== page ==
MIAMI (CBSMiami) – As the giant 747 transitioned the ramp from the runway to the terminal at Miami International Airport, passengers who were paying close attention to the ramp marker were treated to quite a site; a family of burrowing owls sitting on the sign and at the opening to thei nest just under the marker.
MIA is home to what’s described as one of the healthiest and robust burrowing owl populations in the state. Last time they were counted, there were 17 owls in residence.READ MORE: Robinson, Butler Lead The Way As Heat Roll Past Knicks 110-96
Norman Hegedus is the airport manager who keeps tabs on the population. He said there have been burrowing owls on the airfield for as long as anyone can remember.
“If an aircraft were to get close to them, they will fly away,” said Hegedus.
Burrowing owls are rarely airborne. They’re usually found no more than 40 or 50 feet from their burrows.
Hegedus oversees Wildlife and Noise Abatement for Miami-Dade Aviation. He said there are burrowing owls living at all of the airports in the county.
“Everyone thinks in their minds that birds and aviation don’t mix. They don’t. But in this case, we have learned to co-exist with the burrowing owls,” said Hegedus.
The species was removed from the endangered list about five years ago. Now, the burrowing owls are considered a “species of concern.” Hegedus said the owls feel safe in their burrows located well off the main runways.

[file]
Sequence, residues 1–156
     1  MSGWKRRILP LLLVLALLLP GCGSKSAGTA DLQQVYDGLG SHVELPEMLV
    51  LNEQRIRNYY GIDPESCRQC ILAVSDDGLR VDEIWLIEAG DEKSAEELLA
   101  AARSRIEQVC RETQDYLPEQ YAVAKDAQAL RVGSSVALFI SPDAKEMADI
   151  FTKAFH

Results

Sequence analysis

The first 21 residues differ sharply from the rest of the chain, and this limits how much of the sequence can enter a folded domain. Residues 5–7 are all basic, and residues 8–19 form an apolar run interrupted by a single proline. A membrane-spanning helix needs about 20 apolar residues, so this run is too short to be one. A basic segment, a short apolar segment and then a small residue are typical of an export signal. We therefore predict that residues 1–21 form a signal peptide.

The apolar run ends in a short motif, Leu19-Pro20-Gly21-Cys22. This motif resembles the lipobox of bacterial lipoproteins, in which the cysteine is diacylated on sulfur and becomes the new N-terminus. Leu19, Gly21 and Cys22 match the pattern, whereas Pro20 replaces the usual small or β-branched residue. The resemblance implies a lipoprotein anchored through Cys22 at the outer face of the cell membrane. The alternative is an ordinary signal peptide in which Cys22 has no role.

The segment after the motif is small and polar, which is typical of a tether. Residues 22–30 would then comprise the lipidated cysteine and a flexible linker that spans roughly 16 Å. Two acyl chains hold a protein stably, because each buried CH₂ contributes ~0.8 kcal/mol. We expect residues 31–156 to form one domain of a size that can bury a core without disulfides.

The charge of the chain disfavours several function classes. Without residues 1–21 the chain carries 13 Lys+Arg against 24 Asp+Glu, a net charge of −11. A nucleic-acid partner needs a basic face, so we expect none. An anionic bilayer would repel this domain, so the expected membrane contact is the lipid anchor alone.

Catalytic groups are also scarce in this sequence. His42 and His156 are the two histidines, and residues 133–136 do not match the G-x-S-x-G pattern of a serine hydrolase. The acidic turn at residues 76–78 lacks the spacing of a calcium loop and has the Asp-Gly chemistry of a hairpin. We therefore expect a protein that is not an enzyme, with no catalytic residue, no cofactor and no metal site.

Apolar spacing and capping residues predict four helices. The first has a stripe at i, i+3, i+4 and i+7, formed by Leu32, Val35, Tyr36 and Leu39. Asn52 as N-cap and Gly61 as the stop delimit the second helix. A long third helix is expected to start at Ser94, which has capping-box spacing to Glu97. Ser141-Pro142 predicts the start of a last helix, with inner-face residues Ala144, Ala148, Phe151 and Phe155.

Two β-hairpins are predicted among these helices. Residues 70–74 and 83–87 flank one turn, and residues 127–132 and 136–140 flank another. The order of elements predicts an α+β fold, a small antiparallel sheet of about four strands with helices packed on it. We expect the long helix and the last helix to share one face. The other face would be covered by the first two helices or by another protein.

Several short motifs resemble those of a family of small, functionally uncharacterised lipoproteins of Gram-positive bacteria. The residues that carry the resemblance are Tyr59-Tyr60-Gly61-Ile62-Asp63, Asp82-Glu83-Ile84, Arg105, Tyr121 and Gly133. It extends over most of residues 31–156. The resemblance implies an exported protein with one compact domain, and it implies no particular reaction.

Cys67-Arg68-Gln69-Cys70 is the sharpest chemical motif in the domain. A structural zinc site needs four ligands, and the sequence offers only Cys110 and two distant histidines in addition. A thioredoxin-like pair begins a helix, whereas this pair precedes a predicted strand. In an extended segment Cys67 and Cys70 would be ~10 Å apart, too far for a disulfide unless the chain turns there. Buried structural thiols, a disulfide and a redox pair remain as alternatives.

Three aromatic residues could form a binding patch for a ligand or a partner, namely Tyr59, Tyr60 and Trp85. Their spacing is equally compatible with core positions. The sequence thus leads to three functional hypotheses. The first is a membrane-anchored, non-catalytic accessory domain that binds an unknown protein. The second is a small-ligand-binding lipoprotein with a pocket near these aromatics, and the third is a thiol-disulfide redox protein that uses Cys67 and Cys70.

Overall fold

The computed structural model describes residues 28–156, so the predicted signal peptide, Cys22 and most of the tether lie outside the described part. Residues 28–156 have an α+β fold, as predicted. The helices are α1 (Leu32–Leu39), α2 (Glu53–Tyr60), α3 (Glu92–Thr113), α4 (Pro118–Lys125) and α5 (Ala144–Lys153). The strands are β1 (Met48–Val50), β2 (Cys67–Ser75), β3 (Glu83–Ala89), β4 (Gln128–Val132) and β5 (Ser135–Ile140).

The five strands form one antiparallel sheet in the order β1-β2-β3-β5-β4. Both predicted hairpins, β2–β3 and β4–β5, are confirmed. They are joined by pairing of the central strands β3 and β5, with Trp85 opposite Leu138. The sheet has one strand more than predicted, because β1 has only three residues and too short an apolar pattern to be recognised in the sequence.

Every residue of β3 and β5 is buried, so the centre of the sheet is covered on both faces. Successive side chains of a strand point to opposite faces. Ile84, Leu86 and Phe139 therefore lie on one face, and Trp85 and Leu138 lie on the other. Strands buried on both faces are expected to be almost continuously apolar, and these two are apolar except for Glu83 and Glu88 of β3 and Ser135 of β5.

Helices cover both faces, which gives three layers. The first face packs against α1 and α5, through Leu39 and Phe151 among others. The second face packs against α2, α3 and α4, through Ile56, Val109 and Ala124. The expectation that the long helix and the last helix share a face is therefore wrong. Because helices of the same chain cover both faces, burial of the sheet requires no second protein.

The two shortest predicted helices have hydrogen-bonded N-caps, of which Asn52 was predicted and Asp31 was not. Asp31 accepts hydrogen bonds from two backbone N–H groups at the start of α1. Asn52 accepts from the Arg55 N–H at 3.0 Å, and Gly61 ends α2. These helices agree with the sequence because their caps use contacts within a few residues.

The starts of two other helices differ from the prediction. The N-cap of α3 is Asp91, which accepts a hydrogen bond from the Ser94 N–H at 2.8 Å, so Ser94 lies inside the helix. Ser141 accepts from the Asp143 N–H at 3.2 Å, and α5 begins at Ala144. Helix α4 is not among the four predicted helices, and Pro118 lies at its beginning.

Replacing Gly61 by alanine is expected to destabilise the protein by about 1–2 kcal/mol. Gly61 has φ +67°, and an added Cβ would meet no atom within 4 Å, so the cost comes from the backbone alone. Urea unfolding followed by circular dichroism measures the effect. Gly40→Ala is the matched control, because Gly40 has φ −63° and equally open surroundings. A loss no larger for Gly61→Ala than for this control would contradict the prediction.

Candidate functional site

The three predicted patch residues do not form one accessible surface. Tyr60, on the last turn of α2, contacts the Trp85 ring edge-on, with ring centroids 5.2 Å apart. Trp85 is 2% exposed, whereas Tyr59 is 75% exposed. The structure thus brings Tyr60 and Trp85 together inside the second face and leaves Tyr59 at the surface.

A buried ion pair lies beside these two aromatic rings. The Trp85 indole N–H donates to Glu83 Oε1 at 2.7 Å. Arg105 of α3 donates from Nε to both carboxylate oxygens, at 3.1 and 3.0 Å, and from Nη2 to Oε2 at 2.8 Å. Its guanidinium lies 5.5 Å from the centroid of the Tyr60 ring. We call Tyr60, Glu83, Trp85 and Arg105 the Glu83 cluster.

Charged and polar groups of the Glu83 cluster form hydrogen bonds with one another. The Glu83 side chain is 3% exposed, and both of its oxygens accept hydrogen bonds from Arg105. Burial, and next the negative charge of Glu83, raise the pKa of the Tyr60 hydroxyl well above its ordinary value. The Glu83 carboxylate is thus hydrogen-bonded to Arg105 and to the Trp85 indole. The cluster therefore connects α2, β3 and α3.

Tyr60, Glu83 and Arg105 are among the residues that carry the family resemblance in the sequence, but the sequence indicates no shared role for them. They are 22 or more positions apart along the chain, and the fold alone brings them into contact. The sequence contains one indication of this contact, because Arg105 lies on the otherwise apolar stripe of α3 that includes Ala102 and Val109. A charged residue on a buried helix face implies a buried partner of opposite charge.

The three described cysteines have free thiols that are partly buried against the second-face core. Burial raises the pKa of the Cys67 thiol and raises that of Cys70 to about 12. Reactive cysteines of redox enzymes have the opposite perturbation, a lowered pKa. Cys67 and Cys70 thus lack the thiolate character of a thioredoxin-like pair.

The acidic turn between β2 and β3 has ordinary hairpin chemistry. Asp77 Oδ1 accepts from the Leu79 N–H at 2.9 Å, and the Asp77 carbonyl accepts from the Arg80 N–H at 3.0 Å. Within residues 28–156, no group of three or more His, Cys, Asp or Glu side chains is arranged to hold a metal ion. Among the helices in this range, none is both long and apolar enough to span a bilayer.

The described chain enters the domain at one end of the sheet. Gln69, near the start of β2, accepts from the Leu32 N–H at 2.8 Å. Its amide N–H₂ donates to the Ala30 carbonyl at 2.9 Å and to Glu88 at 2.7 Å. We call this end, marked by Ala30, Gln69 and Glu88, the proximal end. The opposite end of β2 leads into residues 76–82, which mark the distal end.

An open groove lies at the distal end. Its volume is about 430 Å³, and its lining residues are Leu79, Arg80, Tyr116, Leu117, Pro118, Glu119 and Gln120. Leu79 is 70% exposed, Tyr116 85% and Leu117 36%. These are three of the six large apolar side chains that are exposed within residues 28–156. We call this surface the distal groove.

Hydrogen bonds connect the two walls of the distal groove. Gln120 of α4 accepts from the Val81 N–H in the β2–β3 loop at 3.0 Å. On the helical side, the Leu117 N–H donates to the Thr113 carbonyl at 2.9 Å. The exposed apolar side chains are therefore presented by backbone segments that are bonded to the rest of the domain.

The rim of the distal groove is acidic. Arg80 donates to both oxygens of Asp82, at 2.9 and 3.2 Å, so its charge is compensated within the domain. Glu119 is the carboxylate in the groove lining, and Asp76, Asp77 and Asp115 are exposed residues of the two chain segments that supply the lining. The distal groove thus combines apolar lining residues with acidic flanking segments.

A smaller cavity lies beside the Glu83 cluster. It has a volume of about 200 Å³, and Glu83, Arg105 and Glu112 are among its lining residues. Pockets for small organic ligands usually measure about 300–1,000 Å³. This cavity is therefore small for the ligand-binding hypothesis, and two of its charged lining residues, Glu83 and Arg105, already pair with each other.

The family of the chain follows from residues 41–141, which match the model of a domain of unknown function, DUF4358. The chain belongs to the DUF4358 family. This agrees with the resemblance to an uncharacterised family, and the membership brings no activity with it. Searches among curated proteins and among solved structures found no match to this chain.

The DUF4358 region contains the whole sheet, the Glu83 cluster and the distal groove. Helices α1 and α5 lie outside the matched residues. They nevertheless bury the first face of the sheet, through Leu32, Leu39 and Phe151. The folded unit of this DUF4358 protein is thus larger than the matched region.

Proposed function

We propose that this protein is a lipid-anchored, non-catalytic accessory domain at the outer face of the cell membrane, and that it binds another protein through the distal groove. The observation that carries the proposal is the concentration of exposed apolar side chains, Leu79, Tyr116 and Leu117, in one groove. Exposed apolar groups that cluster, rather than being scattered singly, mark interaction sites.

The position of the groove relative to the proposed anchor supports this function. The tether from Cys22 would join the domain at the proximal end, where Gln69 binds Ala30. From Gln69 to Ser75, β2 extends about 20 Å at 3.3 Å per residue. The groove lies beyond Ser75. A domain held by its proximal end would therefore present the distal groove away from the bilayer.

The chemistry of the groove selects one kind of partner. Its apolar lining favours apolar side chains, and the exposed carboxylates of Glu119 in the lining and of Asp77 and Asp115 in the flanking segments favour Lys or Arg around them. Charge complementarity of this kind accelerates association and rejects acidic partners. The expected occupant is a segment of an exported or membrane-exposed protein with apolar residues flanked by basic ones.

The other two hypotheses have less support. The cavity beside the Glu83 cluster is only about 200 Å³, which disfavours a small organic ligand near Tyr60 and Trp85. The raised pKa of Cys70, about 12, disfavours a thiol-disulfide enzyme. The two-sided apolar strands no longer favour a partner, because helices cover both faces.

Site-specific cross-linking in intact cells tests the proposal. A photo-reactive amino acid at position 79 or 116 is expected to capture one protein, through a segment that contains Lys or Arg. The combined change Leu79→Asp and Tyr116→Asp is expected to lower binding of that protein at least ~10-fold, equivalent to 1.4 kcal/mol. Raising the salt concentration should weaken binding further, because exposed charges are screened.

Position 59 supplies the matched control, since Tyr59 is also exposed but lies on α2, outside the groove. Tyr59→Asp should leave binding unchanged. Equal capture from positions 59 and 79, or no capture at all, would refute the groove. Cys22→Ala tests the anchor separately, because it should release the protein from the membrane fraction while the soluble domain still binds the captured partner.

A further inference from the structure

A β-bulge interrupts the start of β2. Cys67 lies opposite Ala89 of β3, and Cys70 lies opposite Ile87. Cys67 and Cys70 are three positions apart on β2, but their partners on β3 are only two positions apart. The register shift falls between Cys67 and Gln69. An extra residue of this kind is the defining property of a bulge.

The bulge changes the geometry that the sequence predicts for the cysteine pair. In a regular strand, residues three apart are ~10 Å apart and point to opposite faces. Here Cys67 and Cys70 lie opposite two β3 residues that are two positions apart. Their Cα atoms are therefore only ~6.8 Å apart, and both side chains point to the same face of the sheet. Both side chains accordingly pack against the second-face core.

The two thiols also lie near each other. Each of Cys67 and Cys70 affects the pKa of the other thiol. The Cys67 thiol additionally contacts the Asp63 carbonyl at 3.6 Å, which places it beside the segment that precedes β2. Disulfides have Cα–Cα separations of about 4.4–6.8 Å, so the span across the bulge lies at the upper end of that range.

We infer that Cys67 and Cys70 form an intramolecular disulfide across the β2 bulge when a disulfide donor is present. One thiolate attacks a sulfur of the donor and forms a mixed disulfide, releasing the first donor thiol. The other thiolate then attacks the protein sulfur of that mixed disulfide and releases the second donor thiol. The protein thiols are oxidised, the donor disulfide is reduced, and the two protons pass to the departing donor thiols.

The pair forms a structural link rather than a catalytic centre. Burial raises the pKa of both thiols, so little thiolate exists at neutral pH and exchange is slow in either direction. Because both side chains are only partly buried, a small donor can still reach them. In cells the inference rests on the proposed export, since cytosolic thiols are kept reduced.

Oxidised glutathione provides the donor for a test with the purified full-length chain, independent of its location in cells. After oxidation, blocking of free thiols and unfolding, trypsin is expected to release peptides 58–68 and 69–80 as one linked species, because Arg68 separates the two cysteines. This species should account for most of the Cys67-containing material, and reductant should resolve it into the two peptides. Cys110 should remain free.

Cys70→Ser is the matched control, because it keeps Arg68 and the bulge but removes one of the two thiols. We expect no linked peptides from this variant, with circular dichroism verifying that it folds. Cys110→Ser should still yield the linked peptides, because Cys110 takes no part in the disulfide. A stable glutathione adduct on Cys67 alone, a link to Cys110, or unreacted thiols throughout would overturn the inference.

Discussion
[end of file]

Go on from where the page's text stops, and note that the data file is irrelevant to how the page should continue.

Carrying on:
“The burrows can extend back up to eight feet in some cases,” said Hegedus. “They go down about a foot underground.”READ MORE: Gov. Ron DeSantis Speaks Regarding Monoclonal Antibody Treatments In Miami
Hegedus and his team of wildlife abatement officers go out to check on the owls each day. They make sure any burrows are at least 280 feet off the main runways’ center lines, well outside of what is referred to as the runway safety area.
“Burrowing owls have stayed away from the safety areas. Somehow they have learned,” said Hegedus .
The nests are in rather isolated locations where humans would rarely venture, because they’re on a secure airfield.
“You won’t find people out here, except a crew to cut the grass every once in a while,” said Hegedus.
If a burrow is found closer to the runway than it should be, Hegedus crew will team up with Florida Wildlife Conservation to collapse the nest so the owls move on.
In some cases, the owls have been relocated to habitats at Opa-Locka airport.
“The safety of the traveling public comes first,” said Hegedus.
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